IN 21st century Britain, it is generally accepted by all who are sane (or not- you decide) that freedom of speech is essential. I agree. Without freedom of speech, it is too terrifying to imagine the situation of our world today. Would we still be the poverty-stricken proletariat of the 19th and 20th centuries, being imprisoned for protest? Would women still be at home, nursing screaming babies, with nipples as raw as their black eyes? Perhaps we’d be in the grip of a repressive regime not too dissimilar to those we fight against every day. It’s too scary to consider. The voice is the thing that makes you, you. Voices matter. Firstly, let’s discuss ‘free thinking’… My definition for the purposes of this post is:
- Having the individuality and self-assuredness to be YOUR own person
- Breaking out of the crowd, contesting against Durkeim’s theory of ‘collective conscience’
- Embracing your own instincts and beliefs because they matter.
Society is a vacuum cleaner. An expensive one that looks fancy on the box but actually loses suction days after the warranty expires. It is a vacuum cleaner that sucks up all the dust, crumbs and hair balls from under the sofa. You are the beautiful earring lost eight months ago hidden amongst it all. Society takes your individuality and moulds it into a ball of everyone else’s mediocre thoughts, leaving you to fester and become ‘like everyone else’, the most terrifying form of reincarnation. If the manacles of society had their way, you and I would be born into this world as a speckle of dust floating sedately, choking babies and drying out people’s throats. This is the great thing about freedom of thought. Growing up we’re encouraged to think for ourselves, not to ‘follow the crowd’, to develop our own personalities. Through education, this individualism is hammered out of us quicker than we can say ‘yes, Sir’. In politics we are given a selected option of the parties to vote for. What happens if we don’t like what’s on offer? The weak ones amongst us will say ‘tough’. The important ones- those who think differently- will decide to stand for their local elections themselves and fight for what they believe in. Voting can make a difference. Imagine life without those who push boundaries. Think of life if people didn’t think differently. It is here where I reluctantly admit; begrudgingly offer the confession, that I read Russell Brand’s Revolution this week. It did open my eyes to the simple point of individual importance. That is all. I’d otherwise advise you to give it a wide berth, unless like me, you bought it because you like Brand’s vocabulary and majestic looks. On reflection, my head feels just as chaotic as Brand pre-rehab.
This stretching of boundaries, that’s free thinking for you. “Excuse me. Hi…yes, over here. I wanted cheese and pickle, not cheese and tomato.” “Right, I’ve had enough of this. I HATE CORNFLAKES! We’re getting Cheerios next week.” “Oi, you bastard! Get off my handbag!” (PUNCH) This is freedom of speech. Individuality is a vitality of life. Imagine a world where we couldn’t complain about poor service (even if the universe might not implode if you get tomatoes on your bagel). Where we couldn’t argue with our housemates over communal cereal choices. Where we couldn’t stand up against people who attack us. Where self-defence might lead to the death penalty. It would be horrific. We should all agree that freedom of speech and thought are the essential criteria for a civilised world- or at least a building block.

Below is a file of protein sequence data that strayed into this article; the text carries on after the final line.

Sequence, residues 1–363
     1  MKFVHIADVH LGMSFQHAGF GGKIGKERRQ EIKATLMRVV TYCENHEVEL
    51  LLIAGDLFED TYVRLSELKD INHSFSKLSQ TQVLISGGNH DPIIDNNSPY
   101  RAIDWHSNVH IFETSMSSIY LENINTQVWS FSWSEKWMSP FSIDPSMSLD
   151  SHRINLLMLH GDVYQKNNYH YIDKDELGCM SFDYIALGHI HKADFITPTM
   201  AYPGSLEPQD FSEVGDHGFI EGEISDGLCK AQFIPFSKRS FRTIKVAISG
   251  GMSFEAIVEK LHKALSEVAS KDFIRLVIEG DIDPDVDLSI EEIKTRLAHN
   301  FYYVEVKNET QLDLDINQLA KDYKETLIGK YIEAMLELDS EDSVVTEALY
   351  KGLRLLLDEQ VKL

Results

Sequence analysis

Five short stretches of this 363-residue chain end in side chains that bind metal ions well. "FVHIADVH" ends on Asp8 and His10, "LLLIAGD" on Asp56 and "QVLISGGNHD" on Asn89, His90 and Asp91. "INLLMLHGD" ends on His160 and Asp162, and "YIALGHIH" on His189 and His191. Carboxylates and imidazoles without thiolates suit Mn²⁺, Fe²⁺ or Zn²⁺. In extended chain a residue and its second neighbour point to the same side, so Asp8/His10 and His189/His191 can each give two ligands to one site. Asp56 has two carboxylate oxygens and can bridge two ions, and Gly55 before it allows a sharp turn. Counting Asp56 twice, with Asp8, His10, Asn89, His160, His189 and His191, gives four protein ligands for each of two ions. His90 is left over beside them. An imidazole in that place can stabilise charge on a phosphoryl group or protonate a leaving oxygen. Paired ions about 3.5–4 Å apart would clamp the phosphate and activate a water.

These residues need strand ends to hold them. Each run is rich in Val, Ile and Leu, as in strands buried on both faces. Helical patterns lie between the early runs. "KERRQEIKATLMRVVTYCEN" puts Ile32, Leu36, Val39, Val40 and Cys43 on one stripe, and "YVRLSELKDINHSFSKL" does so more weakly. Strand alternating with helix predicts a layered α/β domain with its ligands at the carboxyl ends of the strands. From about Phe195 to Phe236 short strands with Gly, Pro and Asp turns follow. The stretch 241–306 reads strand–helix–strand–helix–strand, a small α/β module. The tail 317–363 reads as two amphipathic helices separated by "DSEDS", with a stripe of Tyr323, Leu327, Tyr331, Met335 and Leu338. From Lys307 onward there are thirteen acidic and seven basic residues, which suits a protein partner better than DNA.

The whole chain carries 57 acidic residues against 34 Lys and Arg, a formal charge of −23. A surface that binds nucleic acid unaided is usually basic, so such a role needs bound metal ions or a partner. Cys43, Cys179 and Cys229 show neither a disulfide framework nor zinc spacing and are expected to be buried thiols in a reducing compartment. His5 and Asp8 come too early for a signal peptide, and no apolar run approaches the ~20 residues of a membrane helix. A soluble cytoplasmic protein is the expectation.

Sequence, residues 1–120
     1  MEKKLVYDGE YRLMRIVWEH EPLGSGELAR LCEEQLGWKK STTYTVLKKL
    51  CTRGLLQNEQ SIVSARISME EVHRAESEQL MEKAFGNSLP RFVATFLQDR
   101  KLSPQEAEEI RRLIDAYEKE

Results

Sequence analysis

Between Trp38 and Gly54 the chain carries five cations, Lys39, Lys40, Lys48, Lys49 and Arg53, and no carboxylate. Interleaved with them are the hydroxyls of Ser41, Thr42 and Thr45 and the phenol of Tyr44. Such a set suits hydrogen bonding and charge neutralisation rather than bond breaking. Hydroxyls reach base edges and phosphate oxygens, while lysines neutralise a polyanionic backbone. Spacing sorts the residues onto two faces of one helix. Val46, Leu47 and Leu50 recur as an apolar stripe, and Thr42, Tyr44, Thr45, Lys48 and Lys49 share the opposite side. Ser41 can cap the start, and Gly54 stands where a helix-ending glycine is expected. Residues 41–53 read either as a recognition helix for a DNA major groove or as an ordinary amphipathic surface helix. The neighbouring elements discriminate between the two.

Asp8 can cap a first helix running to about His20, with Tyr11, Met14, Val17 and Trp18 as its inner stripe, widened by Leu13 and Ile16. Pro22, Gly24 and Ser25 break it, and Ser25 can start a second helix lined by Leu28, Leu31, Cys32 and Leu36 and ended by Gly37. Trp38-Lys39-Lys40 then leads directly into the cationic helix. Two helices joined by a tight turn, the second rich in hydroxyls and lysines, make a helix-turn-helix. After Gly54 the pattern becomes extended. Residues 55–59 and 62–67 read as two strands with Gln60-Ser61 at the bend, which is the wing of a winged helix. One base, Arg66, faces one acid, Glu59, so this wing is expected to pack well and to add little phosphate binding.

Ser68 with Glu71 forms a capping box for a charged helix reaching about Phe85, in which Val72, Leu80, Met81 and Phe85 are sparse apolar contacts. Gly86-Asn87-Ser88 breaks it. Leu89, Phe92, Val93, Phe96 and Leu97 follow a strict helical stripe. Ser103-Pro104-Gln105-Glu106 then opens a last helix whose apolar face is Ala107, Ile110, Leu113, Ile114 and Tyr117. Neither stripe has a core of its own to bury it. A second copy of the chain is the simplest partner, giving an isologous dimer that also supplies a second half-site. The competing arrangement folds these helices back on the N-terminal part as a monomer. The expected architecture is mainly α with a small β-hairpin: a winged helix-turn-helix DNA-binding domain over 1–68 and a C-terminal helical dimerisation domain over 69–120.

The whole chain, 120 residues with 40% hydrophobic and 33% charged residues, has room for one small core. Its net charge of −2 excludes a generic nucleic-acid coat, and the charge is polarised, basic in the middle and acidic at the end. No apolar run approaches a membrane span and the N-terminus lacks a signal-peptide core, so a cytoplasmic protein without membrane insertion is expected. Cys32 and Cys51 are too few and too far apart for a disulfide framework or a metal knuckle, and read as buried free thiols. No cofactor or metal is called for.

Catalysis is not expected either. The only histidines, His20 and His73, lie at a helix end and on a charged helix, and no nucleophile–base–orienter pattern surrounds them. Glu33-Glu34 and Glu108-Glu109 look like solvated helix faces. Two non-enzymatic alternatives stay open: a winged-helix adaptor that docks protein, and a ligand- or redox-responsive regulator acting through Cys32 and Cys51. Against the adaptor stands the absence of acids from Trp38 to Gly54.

Now here’s the reality… (and hopefully not yours)… Since I can remember, I’ve been told “be your own person”, “think outside the box”, “broaden your horizons”. Stick kids in a sandpit, they’ll eat the sand. Give them paint, they’ll cover their hands with it and customise your living room. Offer them beans on toast- it’ll find its way on the floor. Secondary school was different. If school was a jungle, I was a nest waiting to be trampled on. One thing to learn from school is to not be your own person until you’re strong enough to deal with the consequences. Don’t show any individuality. Follow the crowd and you might survive. Or you might be chiselled down into a little gnome version of yourself. This, sadly, is the truth about life before sixteen. At college, I guess this is when you start to find your feet again. Making it through high school should hopefully leave you with an impenetrable shell of focus and determination. Towards the end of school, I was lucky to become friends with someone who had been there all along, hidden away in the background, who ultimately became the one person in the world who ever fully embraced me for being myself. The only person who got me completely. Who laughed when I ordered coffee in the pub or patiently read my latest attempt at writing an erotic novel. Who didn’t blink an eye when I announced I was learning Chinese or Swahili. After that, back in 2011, I stepped foot in college for the first time and realised that actually, I’d been right all along. College was a place where free thinking was encouraged. It proved that some people are outstanding whilst some are not. The new friends I made had open minds, confidence and an awareness of the world beyond their bus stop. These people will ultimately become politicians, doctors, lawyers. A friend called Anees was determined to become the first Muslim Prime Minister and I was sure he would make it one day. The others I’d left behind- well not all of them- were contented with doing nothing. Wondering the streets, their lives halted before take-off. Whilst many are interesting people, mixing in circles that stretch their minds, challenge them and inspire them, some still can’t step beyond the boundary of their own streets, their minds imprisoned in their next weekend piss-up or a strict soap opera schedule. I like to think that this is not me, but in that environment, that dungeon of the small-minded, my individuality is deemed venomous, a red coloured poison dispersed in water. Why does this exist? Because the world represses the individual; difference threatens familiarity. This ultimately will lead to a society no different to North Korea. Millions of little puppets hopping around like a human propaganda machine. We might as well start rehearsing for the opening show. If you’re still with me, I applaud you… Now, it is you who I wish to address. You are actually the ‘weirdos’ I’m talking about. You’re the little gnome. The red juice diluted in a glass of still water. You’re still reading because you see something of yourself here. But you, reader; you are that little shiny earring lost for so long. Concealed, beaten down into the ground amongst stale biscuit crumbs, rotten toenail-pickings and air-polluting dust. The one thing I would like to tell you is: THINK the first thought that comes to you, because that comes from the heart. That thought that comes to your head before you censor it, change its flavour to suit the taste of society, you think that because it is important. If my readers hold on to their own beliefs, thoughts and opinions, and don’t edit them, I know the world will be a better place. ▄ * * * This blog is written in support of Saudi Arabian blogger Raif Badawi, who received the first 50 of 1,000 lashes on Friday. His punishment, including ten years imprisonment and a fine of 1 million Saudi riyals, has been condemned by the rest of the world, yet his country has remained silent.